Exploring Passo Del Mulaz in the Pale Di San Martino Group of the Italian Dolomites

The route up to Passo del Mulaz is the quietest hike on the list of my favourite day hikes in the Italian Dolomites.


You don’t see many pictures of it online and it’s not yet, what you would call today - instafamous, but with the recent popularity surge, I won't be surprised if in the next few years this hike becomes a lot busier. 


It’s a tough hike that requires a lot of elevation change, but what you’ll get in return are exceptional views of the spires of Passo Farangole in the Pale di San Martino group.


Even though trails are always very well marked in the Dolomites, there are very few occasions when a map comes in handy. It always better to come prepared. For this hike you will need the Tabacco map nr 22. 

Passo Del Mulaz - A Day Hike In The Italian Dolomites

14 km / 8.7 miles 


6-7 hours


900 m / 2950 feet


Moderate/ Challenging


Passo Rolle


First leg of the hike to Passo del Mulaz leading to Baita G Segantini

Getting to the Trailhead


The route starts at Passo Rolle. It is a popular spot in winter for skiers and a busy road side spot in the summer enroute to the nearest town - San Martino Di Castrozza. If coming by car you can park it at Malga Juribello parking lot



Hike To Passo Del Mulaz - Trail Description


The first small stage of this long hike begins with the well trodden path to the scenic Baita G Segantini, one of the iconic photography spots in the Dolomites.


It’s more of a road than a hiking path to be honest (see photo above) but you won’t care much, the views are so phenomenal you could be walking on a bed of nails and it wouldn’t bother you.  



The impressive Pale Di San Martino group in the Italian Dolomites


The route then drops into the Campignol Della Vezzana valley annoyingly losing all 200m of elevation you’ve just gained. 


Luckily it's a well maintained windy trail. You’ll also notice that there’s considerably far fewer people after you leave Baita G Segantini.    


Hiking to Passo Mulaz


The views of the tiny Travignolo Glacier on your right become better as you wind north westward along the road into the valley. After around 30/45 minutes from Baita G. Segantini the real grind begins.


Turning right onto path nr 710 passing underneath large cliffs the route quickly steepens and several switchbacks take you into the heart of the Pale di San Martino.  It’s an uphill struggle for over an hour before the trail somewhat plateaus.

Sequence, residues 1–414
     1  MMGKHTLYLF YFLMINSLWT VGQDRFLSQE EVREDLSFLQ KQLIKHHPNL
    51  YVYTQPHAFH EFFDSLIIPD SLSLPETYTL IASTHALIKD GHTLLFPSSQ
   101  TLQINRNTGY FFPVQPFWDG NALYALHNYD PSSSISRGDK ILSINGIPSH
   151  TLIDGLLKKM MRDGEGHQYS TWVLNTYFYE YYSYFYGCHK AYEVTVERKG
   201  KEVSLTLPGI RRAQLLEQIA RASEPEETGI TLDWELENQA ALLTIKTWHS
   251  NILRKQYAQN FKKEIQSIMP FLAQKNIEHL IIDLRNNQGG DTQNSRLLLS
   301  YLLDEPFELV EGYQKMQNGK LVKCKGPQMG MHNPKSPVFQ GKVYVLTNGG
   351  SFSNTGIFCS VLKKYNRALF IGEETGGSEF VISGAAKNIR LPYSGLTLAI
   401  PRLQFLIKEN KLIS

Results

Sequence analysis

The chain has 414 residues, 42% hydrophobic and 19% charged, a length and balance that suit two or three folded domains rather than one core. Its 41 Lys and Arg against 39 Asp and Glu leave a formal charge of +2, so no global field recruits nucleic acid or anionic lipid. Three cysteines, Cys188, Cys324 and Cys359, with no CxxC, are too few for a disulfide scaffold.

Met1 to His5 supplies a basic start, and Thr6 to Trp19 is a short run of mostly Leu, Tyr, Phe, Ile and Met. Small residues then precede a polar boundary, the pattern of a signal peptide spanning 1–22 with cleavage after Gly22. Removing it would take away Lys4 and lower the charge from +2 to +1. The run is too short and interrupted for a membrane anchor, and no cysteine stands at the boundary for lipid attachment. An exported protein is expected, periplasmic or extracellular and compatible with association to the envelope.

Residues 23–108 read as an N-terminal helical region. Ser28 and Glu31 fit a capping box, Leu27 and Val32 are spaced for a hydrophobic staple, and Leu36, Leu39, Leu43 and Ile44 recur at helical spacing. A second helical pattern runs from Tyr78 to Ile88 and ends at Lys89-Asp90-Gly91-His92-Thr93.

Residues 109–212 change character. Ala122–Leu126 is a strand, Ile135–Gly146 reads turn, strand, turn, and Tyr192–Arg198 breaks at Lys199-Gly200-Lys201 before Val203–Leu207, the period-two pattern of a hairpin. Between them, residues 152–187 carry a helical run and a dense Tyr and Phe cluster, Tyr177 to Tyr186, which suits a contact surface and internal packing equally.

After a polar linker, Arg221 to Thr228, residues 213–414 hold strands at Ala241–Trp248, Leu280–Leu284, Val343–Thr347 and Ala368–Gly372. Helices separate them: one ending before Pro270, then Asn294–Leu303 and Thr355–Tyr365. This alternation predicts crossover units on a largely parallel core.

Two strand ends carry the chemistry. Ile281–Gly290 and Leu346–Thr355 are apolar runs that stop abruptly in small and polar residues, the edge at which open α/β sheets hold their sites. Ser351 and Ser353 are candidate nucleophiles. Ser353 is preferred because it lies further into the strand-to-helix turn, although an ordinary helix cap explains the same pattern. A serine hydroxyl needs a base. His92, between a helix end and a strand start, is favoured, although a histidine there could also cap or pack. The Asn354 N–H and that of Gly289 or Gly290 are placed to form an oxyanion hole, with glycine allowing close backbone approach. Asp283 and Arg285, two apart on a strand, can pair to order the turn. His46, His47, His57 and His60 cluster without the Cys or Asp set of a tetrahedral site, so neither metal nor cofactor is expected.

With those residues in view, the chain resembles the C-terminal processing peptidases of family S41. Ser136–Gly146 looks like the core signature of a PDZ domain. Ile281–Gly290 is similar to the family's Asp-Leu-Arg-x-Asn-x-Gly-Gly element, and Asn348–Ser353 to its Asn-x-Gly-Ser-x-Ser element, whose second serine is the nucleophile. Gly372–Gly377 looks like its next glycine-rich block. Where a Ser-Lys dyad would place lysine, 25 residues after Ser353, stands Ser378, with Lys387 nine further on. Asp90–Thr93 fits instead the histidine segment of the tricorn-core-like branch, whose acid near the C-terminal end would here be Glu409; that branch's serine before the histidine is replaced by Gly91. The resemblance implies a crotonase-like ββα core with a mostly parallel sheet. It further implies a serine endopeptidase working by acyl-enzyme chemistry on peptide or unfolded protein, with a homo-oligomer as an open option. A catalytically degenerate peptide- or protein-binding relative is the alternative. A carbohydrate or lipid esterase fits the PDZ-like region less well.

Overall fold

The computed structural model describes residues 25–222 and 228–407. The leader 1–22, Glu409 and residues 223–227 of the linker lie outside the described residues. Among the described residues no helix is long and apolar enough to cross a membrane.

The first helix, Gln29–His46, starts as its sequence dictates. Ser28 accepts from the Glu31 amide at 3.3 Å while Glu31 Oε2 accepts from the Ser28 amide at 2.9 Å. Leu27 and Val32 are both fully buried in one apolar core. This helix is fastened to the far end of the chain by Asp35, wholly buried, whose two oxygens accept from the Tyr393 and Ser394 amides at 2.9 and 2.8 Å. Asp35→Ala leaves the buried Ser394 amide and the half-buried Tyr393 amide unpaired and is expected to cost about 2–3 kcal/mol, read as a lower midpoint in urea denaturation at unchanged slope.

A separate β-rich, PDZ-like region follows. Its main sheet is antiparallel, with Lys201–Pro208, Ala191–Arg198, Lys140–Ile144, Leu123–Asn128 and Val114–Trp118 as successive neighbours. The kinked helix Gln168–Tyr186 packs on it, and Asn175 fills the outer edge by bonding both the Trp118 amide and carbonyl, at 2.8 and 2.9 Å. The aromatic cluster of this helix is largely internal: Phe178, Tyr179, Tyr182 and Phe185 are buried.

Unfortunately the plateau doesn’t last long and the trail continues uphill again until the last push to the Mulaz pass, the objective of this hike. This is the first stage of the much longer Giro del Pale di San Martino, which if you have a few days to spend, I really recommend.


If you’re really keen on hiking, don’t fancy staying anywhere overnight, and still have loads of energy left, you can continue uphill to the summit of Monte Mulaz. It adds on extra 2 hours to your day and another 300 meters of elevation.


The views from the pass however are more than any human being will ever need. The cute little monolith on Passo Farangole in the distance is a personal favourite of mine.


Passo Farangole as seen from Passo del Mulaz in the Italian Dolomites
Passo Farangole as seen from Passo del Mulaz


If you’re like me and love exploring the mountain refuges, the closest one Rifugio Volpi Al Mulaz, one of my favourite dolomiti huts, is only 15 minutes downhill from the pass.


It’s a great place for an overnight stay and serves flaming Creme brûlées for desert. I honestly couldn’t believe my eyes when the waiter brought them out. Such a luxury in such a remote mountain hut.  

Rifugio Mulaz as seen from Passo del Mulaz in the Italian Dolomites.
Rifugio Mulaz as seen from Passo del Mulaz


If you are not staying overnight then the route down is the same as the one up. It’s a knee buster on a combination of hard rock and loose scree and if you struggle going downhill like a lot of avid hikers do, then it can be tough.


Make sure you allocate plenty of time for the descent, take plenty of water because there’s no shade and try your best to avoid creating small rock avalanches as there may be hikers below you.


There is a possibility of turning this day hike into a multiday traverse of the Pale di San Martino group. I highly recommend it if you've got more time and would like to experience the great mountain hut culture in the Dolomites! 


If you have any questions about this hike, post them in the comments below! I always answer!


For more inspiration visit my Italian Dolomites guide, where you will find articles about photography locations, via ferratas and hikes. 

Shop My Favourite Hiking Gear


Black Diamond Z - Pole


At only 150 grams per pole these light, yet incredibly durable and sturdy carbon hiking poles are my constant companion on trails. 


Osprey Kyte 36 l


Great for day hikes and big enough for overnight hut excursions. Osprey backpacks have been with me from the humble beginnings of this website. 


Hydrapack 3 litre Water Bladder 


Staying hydrated during hikes is very important! I always hike with the Hydrapack water bladder in my backpack for easy access to water! 


Icebreaker Merino Wool Socks


An absolute must have on a hiking holiday. They are breathable, comfy, but most importantly don't pick up the smell even after a few days of wearing


I am Marta Kulesza - the photographer and creator of www.inafarawayland.comI come from Poland, but I've been living, travelling and working around the globe since I turned 18. A few years ago, during one of my trips to Scotland, I bought my first DSLR and my adventure with photography began. When I am not stuck to my computer editing photos, you can find me hiking somewhere in the mountains. 

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